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Vodafone’s ambition is simple: to be the best employer of women by 2025. To achieve this, it is looking at innovative ways to improve its attraction and retention of women.
One of these is through its global maternity policy, which has brought a lot of interest from other employers and has won a lot of coverage internationally. “We want to be an attractive employer for women across the world,” says Karina Govindji, Group Head of Diversity and Inclusion. “We want to be a company that provokes global conversations about these issues.”
The mandatory policy, which won the 2016 Workingmums.co.uk’s Top Employer Award for Innovation in Flexible Working, was introduced in April 2015 at a time when very few organisations outside the UN had a minimum global maternity policy. It applies across the 26 local markets Vodafone operates in, from Europe to Africa, India and the Middle East. The policy guarantees women a minimum of 16 weeks maternity leave at full pay and enables them to go back to work for four days a week on full pay for the first six months.
Previously, maternity policy was set according to the local context. In some countries, female employees were getting more than 16 weeks of full pay – in the UK, for instance, the maternity leave was already more generous and this has continued – but in some other countries women were getting significantly less time off.
In the first year after it was introduced 1,700 women – 300 from the UK – have benefited from the policy.
Many other companies have asked about it, particularly about the business case, commissioned by Vodafone from KPMG, which showed that recruiting and training new employees to replace women who do not stay in the workforce after having a baby costs global businesses $47 billion every year, while offering women 16 weeks of fully paid maternity leave would cost businesses an additional $28 billion a year – a cost saving of $19 billion.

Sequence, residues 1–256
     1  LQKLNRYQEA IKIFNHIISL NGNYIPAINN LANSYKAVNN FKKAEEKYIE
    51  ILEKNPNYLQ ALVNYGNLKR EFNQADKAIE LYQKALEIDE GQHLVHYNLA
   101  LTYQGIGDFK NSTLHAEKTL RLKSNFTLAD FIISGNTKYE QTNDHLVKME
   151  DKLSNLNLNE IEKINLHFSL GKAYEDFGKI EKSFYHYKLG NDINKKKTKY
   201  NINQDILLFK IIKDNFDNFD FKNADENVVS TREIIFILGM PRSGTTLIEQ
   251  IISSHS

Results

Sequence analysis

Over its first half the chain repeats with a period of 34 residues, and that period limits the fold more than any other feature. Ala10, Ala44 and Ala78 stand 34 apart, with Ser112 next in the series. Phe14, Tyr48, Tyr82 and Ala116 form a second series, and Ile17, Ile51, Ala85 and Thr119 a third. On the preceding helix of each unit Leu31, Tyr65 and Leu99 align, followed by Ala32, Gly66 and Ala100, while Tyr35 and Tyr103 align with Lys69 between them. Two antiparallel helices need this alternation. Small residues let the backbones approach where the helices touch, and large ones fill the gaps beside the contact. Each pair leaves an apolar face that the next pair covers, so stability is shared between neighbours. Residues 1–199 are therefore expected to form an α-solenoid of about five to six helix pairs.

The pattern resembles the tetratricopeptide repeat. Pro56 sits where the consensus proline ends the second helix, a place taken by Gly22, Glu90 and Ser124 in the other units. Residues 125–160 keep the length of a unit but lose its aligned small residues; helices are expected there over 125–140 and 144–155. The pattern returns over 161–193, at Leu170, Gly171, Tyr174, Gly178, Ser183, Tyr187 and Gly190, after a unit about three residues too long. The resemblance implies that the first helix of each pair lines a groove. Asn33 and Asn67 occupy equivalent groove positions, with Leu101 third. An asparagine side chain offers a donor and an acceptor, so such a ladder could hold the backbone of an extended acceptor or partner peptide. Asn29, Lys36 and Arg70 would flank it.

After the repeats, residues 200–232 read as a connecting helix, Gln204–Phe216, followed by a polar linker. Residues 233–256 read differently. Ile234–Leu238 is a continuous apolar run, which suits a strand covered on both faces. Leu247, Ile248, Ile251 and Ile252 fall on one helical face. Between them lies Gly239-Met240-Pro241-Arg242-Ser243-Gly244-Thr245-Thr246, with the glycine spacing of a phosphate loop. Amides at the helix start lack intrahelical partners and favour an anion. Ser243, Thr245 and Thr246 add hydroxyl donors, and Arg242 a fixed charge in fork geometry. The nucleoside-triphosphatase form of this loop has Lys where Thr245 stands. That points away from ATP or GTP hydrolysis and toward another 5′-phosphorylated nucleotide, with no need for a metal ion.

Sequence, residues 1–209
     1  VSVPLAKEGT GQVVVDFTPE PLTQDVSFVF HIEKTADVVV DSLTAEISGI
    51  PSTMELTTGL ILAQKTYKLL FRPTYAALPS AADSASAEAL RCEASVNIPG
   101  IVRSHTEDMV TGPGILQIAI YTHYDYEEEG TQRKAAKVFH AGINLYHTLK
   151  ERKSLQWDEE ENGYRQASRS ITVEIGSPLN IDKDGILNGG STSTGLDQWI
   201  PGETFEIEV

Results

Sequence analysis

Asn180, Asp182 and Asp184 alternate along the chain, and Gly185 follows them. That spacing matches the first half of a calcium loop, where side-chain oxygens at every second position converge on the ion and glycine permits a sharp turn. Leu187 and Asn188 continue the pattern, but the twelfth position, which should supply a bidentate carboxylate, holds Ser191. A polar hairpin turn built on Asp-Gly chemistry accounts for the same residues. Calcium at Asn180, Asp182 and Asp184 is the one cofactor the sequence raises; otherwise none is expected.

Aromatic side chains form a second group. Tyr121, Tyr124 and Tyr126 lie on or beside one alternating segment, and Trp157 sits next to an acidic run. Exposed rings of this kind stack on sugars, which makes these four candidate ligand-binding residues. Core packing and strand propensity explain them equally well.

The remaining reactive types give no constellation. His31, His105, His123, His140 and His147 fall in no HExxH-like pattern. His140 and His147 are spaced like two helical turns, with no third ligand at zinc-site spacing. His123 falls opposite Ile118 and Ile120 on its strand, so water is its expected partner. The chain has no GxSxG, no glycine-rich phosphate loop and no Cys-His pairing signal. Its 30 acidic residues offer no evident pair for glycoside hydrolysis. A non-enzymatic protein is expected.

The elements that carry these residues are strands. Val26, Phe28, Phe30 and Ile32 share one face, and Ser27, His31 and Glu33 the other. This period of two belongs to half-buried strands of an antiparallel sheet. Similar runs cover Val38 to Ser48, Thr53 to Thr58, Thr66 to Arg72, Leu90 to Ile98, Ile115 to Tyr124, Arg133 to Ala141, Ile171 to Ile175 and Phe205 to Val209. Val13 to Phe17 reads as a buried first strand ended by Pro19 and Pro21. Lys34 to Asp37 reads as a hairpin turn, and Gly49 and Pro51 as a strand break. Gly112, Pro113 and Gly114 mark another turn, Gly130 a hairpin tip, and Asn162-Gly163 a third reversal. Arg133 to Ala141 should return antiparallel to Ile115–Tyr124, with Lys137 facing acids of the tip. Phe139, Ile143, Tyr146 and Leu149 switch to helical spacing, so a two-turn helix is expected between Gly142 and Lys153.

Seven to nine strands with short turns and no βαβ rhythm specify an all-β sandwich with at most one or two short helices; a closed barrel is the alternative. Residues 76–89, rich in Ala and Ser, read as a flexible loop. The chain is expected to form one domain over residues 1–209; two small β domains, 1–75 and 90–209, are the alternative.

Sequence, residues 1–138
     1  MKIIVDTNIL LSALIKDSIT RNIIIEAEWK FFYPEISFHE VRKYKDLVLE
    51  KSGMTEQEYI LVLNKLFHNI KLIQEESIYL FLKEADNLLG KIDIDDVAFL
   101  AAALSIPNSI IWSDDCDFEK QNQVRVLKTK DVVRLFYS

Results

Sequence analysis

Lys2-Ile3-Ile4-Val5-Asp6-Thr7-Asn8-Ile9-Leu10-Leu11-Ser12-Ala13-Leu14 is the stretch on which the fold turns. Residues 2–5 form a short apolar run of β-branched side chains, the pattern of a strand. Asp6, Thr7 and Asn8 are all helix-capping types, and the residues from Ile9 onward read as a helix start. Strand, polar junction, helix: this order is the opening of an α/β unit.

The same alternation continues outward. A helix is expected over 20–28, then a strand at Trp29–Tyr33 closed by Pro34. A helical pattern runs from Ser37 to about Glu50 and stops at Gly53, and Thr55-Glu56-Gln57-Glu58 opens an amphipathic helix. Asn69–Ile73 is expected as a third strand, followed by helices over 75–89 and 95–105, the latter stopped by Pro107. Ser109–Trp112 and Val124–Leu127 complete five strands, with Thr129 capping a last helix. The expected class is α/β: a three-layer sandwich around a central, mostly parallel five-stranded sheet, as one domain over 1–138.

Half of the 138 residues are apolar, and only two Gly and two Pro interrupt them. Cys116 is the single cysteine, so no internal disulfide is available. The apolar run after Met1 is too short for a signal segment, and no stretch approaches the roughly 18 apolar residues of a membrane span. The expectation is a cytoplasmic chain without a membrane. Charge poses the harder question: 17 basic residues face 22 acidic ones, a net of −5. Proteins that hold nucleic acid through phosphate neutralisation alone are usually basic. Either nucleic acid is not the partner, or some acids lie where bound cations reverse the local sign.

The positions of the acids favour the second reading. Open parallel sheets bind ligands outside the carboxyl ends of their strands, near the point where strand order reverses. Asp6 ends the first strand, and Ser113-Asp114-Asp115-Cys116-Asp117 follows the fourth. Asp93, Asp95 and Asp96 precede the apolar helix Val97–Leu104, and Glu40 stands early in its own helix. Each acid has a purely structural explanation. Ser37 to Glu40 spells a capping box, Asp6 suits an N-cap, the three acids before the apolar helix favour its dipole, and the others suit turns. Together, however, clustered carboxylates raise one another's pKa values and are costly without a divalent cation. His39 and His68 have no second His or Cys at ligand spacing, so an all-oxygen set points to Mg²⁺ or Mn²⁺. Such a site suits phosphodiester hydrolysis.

Additionally, KPMG calculated that offering mothers a global return-to-work policy could save working mothers a cumulative $14 billion in childcare for their new babies; and showed that a four-day week would enable them to spend a cumulative 608 million additional days with their newborn babies.
The policy is supported by the company’s Better Ways of Working flexible working programme, Vodafone`s response to agile and collaborative working.
Although several companies have taken on board some elements of the global maternity policy, Karina thinks fewer companies have included the phased return on full pay. She hopes that analysis over time will show the impact of the phased return on attraction and retention.
She adds that the addition of the return to work element can be a strong pull in places like the UK where there is already a strong paid maternity policy and where childcare issues can be a barrier to return. “The power of the policy comes from offering these two aspects together,” says Karina. “Women need more time to be at home with their baby and the transition back is often more difficult than it should be. Companies are losing too many women in the first year back from maternity leave. Our phased transition means women do not have to make a financial sacrifice to get through that transition period. We think that is a cost worth incurring.”
Initial figures seem to back up the retention argument, she says. However, the full impact of the policy on issues such as retention, attraction and the number of women in senior leadership positions will not be clear until it has been in place for three years so that the company can compare it to the three-year period Vodafone looked at before it was introduced.
Vodafone is also involved in other initiatives aimed at gender equality and diversity. For instance, it is one of 10 companies approached by UN Women in 2015 to be part of the HeForShe programme. This involves three commitments to gender equality. The first is to having 30% of its senior leadership and management made up of women by 2020 [Vodafone globally is at 27% currently – up from 23% five years ago – and 33% of its UK managers are women].
The other commitments involve supporting women in developing countries to connect via mobile technology and educating three million children – many girls – in refugee camps by 2020. Vodafone’s CEO Vittorio Colao personally backs the HeForShe campaign and speaks publicly about his support for initiatives that promote women’s equality. He has written to many of Vodafone’s key suppliers about the campaign. So far nearly 50,000 people have signed up to HeForShe via Vodafone’s site.
Vodafone also has an unconscious bias programme called ‘Moments of Truth’ that it has rolled out to all its leaders over the last year and will promote to all employees to provoke discussion and raise awareness of biases.
Karina adds that all the initiatives Vodafone is engaged in are constantly evolving. “We keep pushing forwards. We won’t stop here,” she says.